Artificial intelligence is believed to be a machine intelligence capable of performing creative functions that are traditionally the prerogative of humans.
But more often AI is defined as the ability of a system to self-learn and solve problems based on the knowledge gained in the learning process.
- a program that creates images (creativity!) by sequentially applying color strokes to a predetermined area based on a well-defined algorithm — this is not AI;
- Google Photos function that gives a 3D-effect to your photos, identifies and substitutes without assistance in "memories" photos of people important to you, favorite things and activities — this is AI.
In 1950, the English mathematician Alan Turing proposed a method for determining whether a machine has artificial intelligence by comparing a person and a machine in texting.
If the judge cannot reliably determine which of the interlocutors is a human, the machine is considered to have passed the test.
At the same time, the Turing test doesn’t prove that a machine can think. It only proves that it can choose the correct algorithm to answer a question.
It is interesting that today most chatbots are able to pass the Turing test, but they still do not have full-fledged artificial intelligence.
We already live in a world where AI can be found almost at every turn. Do you use maps when choosing which road to take to get home from work?
Your route is determined by artificial intelligence analyzing traffic congestion, information about accidents and repairs.
Do you use Google Assistant to dictate a letter to a colleague? AI helps you.
Do you have an entertainment device for your pet from the Ukrainian company Petcube at home? This startup uses machine learning and artificial intelligence for its pet detection technology.
Are you taking a picture of your beloved cat on your smartphone and see the inscription "kitten" on the screen? Oh, that artificial intelligence!
The most representative use of AI in the home is Netflix. Once you start using it, it is very difficult to stop, other services seem too complicated, and navigation through them is inconvenient and not obvious.
If you have recognized your feelings—congratulations, Netflix's AI has recognized you too. This company uses highly accurate projection technology based on user reaction, examines your preferences, compares them with the millions of other users’ data and suggests the most interesting films for you.
Every day, Netflix's AI is getting smarter and more accurate in identifying user needs.
Speaking of a more practical AI application, at Rutgers University (USA) a robot was created that can handle the procedure of taking blood from a vein better than qualified medical personnel.
Robot clinical testing showed its efficiency at the level of 87%, while the robot was able to draw blood in 97% of cases.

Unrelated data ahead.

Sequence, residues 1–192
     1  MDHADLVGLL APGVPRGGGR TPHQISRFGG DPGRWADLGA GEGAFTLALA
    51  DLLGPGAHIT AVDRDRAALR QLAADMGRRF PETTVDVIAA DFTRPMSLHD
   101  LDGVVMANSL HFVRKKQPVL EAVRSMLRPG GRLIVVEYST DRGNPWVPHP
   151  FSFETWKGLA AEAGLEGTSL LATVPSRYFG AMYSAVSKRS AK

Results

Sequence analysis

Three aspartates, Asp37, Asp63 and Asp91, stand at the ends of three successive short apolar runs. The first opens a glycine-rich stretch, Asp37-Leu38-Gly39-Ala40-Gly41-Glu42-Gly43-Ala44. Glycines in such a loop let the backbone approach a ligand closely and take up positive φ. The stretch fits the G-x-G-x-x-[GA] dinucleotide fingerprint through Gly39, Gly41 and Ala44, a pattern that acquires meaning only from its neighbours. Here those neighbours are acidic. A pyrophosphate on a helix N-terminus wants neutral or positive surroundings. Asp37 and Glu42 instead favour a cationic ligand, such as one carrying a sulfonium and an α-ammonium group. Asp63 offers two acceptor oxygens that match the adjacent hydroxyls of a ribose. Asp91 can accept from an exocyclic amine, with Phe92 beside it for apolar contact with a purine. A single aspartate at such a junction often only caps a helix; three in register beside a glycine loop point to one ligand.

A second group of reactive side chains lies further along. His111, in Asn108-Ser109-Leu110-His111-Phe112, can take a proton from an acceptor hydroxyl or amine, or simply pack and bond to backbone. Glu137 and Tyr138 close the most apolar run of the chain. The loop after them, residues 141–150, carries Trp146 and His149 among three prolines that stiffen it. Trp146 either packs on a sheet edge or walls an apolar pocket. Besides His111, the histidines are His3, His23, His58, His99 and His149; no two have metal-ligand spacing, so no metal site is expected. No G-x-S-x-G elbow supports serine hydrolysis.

According to the developers, physicians experience difficulties in taking blood in 27% of cases when drawing blood from patients with poorly visible veins, in 40% of cases in drawing blood from patients with veins’ weak palpation and in 60% of cases with emaciated patients.
In the future, this robot will be able to save a lot of medical time that doctors can spend on saving human lives.
No less impressive examples can be found in Ukraine. For example, in a Kyiv coworking space, a robot Hugo with an interface reflecting the complexities of 2020 was hired as an administrator.
He has already learned to recognize emotions, maintain a conversation, find a free room and order coffee for a guest. In the future, Hugo cobrothers will be able to become consultants in stores or nurses in modern clinics.
However, sometimes an encounter with AI in real life can lead to funny curiosities: recently, the Ukrainian YouTube blogger Yurii Aleksenko posted a video of how the police stopped his Tesla, moving on autopilot while he was in the back seat.
And in this case the video itself is far less interesting than the car that absolutely confidently drives along the Ukrainian roads guided by Google Maps.
However, humanity's fear of robots has not disappeared anywhere transforming into reasonable fears of technology capabilities misuse. For example, Tesla creator Elon Musk has long considered artificial intelligence to be dangerous.
"We need to be very careful with AI. Potentially it is more dangerous than nuclear weapons," he tweeted in 2014, and has not changed his point of view since then.
Thus, in an interview with The New York Times, he said that he was very concerned about DeepMind developing artificial intelligence for Google.
Musk noted that the essence of the artificial intelligence created in DeepMind is one of those that destroy people in all games.
At the same time, people in Europe are more afraid of the rise of people than the rise of machines. Thus, at the beginning of the year, the European Commission proposed to introduce a five-year moratorium on the use of facial recognition technology in public places.
During this time, the EU wants to find a way to protect citizens from potential misuse, ensure privacy and protect personal information.
However, Microsoft President Brad Smith takes the opposite view. He believes that this technology has more benefits than harm because it can be used not only to detect criminals, but also to find missing children.
Now one thing is clear — artificial intelligence cannot be stopped. It will evolve, bringing ever more benefits to humanity and causing more and more fears. However, most of these fears in practice turn out to be much more serious than real problems.
So, for a long time it was believed that industrialization and robotization would deprive a person of work.
However, this theory has not been confirmed. Today for 1 robot performing "human" work, there are from 1 to 5 people of service personnel. And CAPTCHA still stops bots from trying to fill websites and forums with kilotons of machine text.